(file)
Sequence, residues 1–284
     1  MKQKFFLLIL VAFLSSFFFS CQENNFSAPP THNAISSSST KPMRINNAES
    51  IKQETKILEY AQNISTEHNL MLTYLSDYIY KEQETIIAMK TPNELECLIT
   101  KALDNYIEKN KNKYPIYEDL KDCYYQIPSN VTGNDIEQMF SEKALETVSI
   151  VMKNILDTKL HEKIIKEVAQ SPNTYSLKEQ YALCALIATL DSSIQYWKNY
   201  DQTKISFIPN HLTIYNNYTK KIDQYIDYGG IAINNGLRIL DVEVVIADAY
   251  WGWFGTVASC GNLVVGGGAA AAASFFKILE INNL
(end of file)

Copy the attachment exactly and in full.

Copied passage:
Sequence, residues 1–284
     1  MKQKFFLLIL VAFLSSFFFS CQENNFSAPP THNAISSSST KPMRINNAES
    51  IKQETKILEY AQNISTEHNL MLTYLSDYIY KEQETIIAMK TPNELECLIT
   101  KALDNYIEKN KNKYPIYEDL KDCYYQIPSN VTGNDIEQMF SEKALETVSI
   151  VMKNILDTKL HEKIIKEVAQ SPNTYSLKEQ YALCALIATL DSSIQYWKNY
   201  DQTKISFIPN HLTIYNNYTK KIDQYIDYGG IAINNGLRIL DVEVVIADAY
   251  WGWFGTVASC GNLVVGGGAA AAASFFKILE INNL